Good Reads : Week of 13 December 2015

The way that many people choose to live is changing. In 2011, for the first time in nearly one hundred years, the rate of urban population growth outpaced the suburbs.

Americans once flocked to the suburbs in search of a better life. Today it is America’s cities that entice younger workers with better options for their careers and lifestyles.

More than ever, talent is clustering in dense, urban areas.

There is a locational advantage to living and working in cities. America’s primary global competitiveness as a country is centered around its urban areas and the amenities and opportunities that they offer.

The suburbs are clearly not going away. The shift to urban living remains incremental and much of it is actually taking place in suburban areas. For commercial real estate investors, this presents pockets of opportunity across the country.

What tenants want in an office building is changing, and the old model of the isolated suburban office park is going the way of the fax machine. That’s according to a new report from Newmark, Grubb, Knight and Frank [PDF], one of the largest commercial real estate firms in the world.

Suburban office parks are losing their luster, industry analysts say. Photo: Wikipedia

Suburban office parks are losing their luster, industry analysts say. Photo: Wikipedia

The old-school office park does “not offer the experience most of today’s tenants are seeking,” according to NGKF. As a result, the suburban office market is confronting “obsolescence” on a “massive scale.” More than 1,150 U.S. office properties — or 95 million square feet — may no longer pencil out, the authors estimate, though a number of those can be salvaged with some changes.

“Walkability and activated environments are at the top of many tenants’ list of must haves,” the report states. Office parks in isolated pockets without a mix of uses around them must have “in-building amenities” –including a conference center, a fitness center, and food service — to remain competitive, according to NGKF: “If tenants are not going to be able to walk to nearby retail or a nearby office property to get lunch, they had better be able to get it at their own building.”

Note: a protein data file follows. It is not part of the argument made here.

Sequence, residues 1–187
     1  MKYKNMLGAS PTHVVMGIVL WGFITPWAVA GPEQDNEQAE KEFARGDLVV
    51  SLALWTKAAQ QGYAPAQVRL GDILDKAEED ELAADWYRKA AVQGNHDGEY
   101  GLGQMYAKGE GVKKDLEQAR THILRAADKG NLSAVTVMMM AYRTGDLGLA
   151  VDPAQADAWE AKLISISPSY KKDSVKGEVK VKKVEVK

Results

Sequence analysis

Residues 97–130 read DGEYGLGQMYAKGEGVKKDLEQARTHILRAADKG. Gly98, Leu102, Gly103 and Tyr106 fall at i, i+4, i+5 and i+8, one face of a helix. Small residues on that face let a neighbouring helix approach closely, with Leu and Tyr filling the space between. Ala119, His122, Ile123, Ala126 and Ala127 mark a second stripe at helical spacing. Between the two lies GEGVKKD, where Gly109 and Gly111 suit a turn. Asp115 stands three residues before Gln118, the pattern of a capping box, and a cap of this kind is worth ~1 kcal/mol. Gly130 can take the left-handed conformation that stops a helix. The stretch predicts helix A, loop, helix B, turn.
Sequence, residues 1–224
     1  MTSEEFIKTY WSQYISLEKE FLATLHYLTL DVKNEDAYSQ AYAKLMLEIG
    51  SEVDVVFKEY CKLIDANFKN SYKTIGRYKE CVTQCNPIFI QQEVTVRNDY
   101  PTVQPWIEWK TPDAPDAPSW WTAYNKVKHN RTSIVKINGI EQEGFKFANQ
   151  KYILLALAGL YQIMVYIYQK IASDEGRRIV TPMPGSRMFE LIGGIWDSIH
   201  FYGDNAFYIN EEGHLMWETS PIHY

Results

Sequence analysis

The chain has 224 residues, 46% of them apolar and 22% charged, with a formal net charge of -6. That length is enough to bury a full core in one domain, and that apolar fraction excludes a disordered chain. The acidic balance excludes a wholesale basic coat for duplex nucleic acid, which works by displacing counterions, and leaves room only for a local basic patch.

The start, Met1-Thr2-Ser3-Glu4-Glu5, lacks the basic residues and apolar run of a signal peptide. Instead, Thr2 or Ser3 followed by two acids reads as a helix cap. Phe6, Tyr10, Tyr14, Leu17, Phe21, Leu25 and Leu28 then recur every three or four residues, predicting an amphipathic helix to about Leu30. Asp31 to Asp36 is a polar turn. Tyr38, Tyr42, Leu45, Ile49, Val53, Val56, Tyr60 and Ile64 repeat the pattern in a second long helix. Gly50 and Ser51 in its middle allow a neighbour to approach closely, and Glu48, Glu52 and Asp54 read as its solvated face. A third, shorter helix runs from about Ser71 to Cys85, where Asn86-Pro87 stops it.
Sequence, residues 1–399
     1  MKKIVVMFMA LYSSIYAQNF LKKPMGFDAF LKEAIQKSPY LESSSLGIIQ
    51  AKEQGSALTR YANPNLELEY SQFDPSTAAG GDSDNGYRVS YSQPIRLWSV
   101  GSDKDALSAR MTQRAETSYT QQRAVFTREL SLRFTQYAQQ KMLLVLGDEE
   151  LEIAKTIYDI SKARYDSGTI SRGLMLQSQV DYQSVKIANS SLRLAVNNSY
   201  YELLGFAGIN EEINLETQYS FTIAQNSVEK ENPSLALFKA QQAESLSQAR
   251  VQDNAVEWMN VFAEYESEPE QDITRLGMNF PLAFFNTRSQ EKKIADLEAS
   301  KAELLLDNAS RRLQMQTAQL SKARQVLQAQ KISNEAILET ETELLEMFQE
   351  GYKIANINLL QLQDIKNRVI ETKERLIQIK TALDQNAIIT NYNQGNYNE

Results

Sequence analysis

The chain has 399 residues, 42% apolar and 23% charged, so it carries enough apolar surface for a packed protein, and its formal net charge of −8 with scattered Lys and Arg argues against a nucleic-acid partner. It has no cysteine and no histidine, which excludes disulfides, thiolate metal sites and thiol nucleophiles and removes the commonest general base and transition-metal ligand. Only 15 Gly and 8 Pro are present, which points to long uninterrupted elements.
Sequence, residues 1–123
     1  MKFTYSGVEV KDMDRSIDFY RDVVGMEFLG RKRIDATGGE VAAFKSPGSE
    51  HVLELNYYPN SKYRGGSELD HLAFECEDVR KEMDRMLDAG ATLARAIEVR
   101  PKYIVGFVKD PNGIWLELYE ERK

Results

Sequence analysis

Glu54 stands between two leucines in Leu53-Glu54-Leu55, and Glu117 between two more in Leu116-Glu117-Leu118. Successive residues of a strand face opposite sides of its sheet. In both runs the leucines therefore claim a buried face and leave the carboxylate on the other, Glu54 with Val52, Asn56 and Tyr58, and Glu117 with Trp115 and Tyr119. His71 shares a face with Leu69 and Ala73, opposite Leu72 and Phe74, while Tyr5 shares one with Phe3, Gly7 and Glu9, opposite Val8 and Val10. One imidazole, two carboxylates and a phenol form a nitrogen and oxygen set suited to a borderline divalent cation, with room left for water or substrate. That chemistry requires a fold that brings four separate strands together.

The study took a close look at suburban office submarkets in and around Denver, Washington, San Francisco, Chicago, and New York. In the “southeast suburban” Denver office district, for example, office buildings within a quarter-mile of the new light rail line had a 1.7 percent vacancy rate. For those outside a quarter-mile, vacancy rates were nine percentage points higher.

NGKF’s findings don’t mean that office tenant preferences are in perfect alignment with walkability, however.

Parking was also important to the marketability of buildings in suburban Denver. The report notes that a lot of older management personnel prefer to drive, while younger workers want transit access. So buildings that offered both were in the highest demand.

TakeAway: One problem with the ‘report’ cited above is that it was done by a sales organization wishing to profit from its findings. This would be akin to having an coal company attempting to sell you on the benefits of coal knowing full well that the trends were towards cleaner fuels. I am certain that the folks from StreetsBlog knew this, but were perhaps more interested in fostering the sentiment than in getting to the unbiased truths.